Save the plastic lids from Marmite, peanut butter, salad dressing, coffee and similar jars. these lids make great bases for figures and small vignettes. Fill them with plaster of Paris for stability and add a small piece of felt to the bottom to stop sliding or scratching on furniture. Drill small holes in the top to fix the figures in place and add ground foam, grass, or whatever around the feet on the model.


Many shops now have a selection of sizes in picture frames for sale. These can be used to finish your diorama, especially if you are putting it into a competition. Simply select a frame with inner dimensions to suit your base outer dimensions. Better still, make the base to suit the standard size of a picture frame you think will do justice to the diorama.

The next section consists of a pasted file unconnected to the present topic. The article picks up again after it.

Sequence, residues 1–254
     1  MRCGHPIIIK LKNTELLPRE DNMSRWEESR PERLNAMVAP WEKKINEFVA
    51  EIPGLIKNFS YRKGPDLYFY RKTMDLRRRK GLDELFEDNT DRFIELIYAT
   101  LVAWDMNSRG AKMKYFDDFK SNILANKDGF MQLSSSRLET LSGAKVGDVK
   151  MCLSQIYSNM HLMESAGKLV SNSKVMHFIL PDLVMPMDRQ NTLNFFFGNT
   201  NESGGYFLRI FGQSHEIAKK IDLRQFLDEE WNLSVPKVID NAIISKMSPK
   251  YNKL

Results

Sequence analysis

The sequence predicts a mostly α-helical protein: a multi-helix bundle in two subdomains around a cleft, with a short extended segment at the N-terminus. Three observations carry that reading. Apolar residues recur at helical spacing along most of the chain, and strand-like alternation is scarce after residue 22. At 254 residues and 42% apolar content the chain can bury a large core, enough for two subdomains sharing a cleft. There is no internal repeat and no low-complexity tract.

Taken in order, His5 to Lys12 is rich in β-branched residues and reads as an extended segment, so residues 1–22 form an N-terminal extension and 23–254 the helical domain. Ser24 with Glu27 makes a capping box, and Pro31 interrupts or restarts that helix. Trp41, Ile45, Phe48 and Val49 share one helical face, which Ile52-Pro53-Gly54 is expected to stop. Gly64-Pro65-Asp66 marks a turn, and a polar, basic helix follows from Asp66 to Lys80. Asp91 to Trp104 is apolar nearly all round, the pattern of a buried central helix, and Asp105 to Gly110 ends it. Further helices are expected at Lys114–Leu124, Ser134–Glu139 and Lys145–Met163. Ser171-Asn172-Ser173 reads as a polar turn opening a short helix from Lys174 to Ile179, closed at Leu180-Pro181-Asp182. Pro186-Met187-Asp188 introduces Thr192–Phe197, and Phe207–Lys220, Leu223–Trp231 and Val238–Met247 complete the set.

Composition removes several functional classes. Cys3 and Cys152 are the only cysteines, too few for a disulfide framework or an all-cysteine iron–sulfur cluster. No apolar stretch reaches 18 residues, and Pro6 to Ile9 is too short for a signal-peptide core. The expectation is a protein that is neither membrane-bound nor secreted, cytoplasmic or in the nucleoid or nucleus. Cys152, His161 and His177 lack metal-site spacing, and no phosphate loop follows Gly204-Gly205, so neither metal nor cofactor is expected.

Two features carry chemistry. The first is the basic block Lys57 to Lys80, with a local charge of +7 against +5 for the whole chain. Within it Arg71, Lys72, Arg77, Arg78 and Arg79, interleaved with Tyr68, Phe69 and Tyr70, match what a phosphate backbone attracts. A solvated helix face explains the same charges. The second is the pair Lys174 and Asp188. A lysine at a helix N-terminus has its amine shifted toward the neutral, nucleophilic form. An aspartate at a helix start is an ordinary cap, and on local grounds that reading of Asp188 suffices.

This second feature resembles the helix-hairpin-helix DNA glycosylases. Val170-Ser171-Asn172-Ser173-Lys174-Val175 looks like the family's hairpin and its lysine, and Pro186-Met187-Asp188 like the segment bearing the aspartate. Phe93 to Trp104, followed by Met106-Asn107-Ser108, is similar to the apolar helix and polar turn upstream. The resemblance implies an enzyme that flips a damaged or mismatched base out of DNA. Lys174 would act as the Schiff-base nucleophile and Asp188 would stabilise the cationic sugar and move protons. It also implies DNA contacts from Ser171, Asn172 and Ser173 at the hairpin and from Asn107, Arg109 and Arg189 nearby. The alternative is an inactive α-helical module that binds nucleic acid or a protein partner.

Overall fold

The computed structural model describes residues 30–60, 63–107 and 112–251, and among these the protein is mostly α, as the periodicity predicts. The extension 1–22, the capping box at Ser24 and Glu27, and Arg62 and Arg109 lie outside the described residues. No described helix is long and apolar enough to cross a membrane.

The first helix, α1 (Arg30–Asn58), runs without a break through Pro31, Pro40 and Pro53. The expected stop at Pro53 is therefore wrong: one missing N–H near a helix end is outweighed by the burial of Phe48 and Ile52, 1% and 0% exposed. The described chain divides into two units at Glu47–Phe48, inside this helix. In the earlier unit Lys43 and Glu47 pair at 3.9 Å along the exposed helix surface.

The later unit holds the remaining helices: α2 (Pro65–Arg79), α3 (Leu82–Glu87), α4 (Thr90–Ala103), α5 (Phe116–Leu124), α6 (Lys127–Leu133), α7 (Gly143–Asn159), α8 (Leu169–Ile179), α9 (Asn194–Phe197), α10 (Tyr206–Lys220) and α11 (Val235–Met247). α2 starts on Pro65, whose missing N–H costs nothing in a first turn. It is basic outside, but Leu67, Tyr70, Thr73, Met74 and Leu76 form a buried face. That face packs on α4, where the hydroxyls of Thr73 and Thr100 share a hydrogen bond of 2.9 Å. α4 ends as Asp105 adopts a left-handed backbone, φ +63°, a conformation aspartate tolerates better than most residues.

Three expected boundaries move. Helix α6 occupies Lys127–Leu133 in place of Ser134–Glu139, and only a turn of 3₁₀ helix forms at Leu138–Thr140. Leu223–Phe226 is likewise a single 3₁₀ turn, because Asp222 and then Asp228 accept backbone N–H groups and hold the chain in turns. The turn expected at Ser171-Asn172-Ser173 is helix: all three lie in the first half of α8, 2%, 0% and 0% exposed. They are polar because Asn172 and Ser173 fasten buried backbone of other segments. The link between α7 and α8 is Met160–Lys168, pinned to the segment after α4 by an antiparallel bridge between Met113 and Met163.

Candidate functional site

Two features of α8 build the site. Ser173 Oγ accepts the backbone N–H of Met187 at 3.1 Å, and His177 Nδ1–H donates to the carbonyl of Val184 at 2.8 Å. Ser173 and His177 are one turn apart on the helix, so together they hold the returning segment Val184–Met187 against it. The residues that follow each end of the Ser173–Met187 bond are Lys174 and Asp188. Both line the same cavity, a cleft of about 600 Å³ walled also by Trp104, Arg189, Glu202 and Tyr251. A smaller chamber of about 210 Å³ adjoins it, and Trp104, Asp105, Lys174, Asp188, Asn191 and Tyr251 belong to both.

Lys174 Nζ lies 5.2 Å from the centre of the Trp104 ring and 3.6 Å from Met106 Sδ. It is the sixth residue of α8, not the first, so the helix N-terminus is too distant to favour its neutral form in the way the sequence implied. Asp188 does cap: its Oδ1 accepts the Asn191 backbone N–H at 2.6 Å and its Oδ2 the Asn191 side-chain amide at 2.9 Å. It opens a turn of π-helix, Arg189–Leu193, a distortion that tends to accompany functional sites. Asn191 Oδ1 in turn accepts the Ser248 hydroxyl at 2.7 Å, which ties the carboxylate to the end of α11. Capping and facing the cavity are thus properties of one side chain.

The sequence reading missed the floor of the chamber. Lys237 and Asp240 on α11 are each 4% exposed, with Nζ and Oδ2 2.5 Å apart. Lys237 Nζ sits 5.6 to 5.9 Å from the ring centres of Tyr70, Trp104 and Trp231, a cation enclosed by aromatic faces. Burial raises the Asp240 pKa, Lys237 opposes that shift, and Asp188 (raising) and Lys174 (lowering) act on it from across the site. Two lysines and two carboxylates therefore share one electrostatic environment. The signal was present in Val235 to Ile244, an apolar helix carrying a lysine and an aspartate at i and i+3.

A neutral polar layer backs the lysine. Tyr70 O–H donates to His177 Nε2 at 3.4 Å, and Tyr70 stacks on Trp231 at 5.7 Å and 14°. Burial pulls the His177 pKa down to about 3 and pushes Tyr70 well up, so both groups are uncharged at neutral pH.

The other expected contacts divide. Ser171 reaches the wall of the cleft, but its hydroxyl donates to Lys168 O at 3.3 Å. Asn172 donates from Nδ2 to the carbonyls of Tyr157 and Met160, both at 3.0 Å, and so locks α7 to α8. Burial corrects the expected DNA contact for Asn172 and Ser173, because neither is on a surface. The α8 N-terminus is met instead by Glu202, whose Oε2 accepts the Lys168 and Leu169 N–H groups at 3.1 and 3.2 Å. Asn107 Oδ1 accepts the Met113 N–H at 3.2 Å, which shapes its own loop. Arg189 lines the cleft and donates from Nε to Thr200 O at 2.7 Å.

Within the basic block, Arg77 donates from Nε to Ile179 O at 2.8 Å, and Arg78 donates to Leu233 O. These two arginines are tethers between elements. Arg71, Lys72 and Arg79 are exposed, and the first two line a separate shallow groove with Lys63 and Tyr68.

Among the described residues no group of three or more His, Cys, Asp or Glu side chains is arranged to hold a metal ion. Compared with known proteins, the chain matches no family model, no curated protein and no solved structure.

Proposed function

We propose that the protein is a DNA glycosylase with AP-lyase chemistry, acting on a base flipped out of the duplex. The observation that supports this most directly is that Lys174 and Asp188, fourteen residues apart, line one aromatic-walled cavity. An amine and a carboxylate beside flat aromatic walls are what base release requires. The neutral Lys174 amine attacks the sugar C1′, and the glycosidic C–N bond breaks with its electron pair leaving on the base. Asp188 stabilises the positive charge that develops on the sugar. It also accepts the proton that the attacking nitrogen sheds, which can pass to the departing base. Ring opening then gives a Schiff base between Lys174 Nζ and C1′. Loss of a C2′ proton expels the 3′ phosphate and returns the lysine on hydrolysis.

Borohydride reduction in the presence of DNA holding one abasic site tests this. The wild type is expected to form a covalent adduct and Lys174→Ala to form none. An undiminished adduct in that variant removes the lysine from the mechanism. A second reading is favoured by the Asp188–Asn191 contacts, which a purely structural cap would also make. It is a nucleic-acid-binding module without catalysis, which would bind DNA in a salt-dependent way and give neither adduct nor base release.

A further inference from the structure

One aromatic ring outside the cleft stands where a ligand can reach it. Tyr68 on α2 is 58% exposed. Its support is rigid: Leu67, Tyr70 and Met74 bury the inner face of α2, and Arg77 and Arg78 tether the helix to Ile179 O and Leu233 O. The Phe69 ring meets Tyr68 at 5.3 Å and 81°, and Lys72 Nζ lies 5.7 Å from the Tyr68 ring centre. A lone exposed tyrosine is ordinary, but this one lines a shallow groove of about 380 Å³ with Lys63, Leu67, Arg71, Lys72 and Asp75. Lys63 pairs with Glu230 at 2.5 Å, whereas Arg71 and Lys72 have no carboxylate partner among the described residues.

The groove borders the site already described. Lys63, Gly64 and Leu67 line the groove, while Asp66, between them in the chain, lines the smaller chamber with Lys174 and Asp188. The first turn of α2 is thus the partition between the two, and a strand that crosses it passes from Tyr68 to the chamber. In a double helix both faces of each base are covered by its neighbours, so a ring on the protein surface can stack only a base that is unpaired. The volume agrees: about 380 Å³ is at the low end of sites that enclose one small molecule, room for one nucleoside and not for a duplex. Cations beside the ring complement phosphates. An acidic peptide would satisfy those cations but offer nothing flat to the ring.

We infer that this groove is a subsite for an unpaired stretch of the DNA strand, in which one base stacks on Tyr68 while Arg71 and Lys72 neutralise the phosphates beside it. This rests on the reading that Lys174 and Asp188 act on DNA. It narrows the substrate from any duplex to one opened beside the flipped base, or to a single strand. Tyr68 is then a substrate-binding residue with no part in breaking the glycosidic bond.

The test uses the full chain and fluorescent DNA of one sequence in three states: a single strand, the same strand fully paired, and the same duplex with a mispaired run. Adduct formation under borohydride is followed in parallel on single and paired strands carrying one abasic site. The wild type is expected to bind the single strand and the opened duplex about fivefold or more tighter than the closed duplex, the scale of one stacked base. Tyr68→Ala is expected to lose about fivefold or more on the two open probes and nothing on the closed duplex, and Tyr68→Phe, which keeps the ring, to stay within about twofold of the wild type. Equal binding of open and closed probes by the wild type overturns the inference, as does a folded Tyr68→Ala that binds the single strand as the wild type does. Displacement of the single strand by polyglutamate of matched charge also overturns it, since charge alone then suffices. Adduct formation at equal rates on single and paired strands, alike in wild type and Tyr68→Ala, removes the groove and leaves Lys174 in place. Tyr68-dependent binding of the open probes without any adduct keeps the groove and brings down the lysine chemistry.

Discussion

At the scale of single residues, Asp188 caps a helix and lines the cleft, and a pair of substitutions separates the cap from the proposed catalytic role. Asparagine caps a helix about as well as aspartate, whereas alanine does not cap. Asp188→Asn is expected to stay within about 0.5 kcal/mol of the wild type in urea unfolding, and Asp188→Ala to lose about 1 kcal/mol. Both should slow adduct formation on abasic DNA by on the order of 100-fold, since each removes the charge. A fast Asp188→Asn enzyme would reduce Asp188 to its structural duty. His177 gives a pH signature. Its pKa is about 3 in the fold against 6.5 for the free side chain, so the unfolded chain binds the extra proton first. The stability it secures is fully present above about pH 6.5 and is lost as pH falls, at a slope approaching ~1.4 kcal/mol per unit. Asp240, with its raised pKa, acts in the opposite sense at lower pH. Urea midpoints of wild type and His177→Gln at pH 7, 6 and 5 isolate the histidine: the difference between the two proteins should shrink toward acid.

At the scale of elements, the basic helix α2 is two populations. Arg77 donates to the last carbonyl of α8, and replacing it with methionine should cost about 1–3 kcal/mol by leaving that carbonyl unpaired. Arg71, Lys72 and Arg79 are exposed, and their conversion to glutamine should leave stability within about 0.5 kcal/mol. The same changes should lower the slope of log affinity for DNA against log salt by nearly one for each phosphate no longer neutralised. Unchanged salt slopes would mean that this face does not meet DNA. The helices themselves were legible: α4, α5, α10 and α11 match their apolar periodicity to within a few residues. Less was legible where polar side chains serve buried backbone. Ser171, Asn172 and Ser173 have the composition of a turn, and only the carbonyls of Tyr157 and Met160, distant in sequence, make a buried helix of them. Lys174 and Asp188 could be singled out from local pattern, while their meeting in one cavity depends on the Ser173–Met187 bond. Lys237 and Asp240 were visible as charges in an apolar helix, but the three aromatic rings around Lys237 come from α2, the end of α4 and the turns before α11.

If you ever put your models on display at a show or in a competition, place them on a condiment turntable known as a “Lazy Suzan”. This allows viewers to see all sides simply by turning the turntable without the need to touch your model. And if you want to show off the underside detail to judges and other spectators, get a mirror cut to fit the turntable top and place the model on that.


Here is a tip from the family dressmaker. If you are making a scenic diorama to fit an irregularly shaped area on your layout, make a paper pattern first. Brown wrapping paper is ideal. Lay the paper over the area, draw around the edges with a pencil and then cut it out. You can then transfer the pattern to the material you are going to use for the base of the diorama.


One of the advantages that modellers have these days is the variety of different scales of people on the market. Use smaller scale figures in the background of a diorama and larger ones at the front thereby enhancing perspective and depth of field.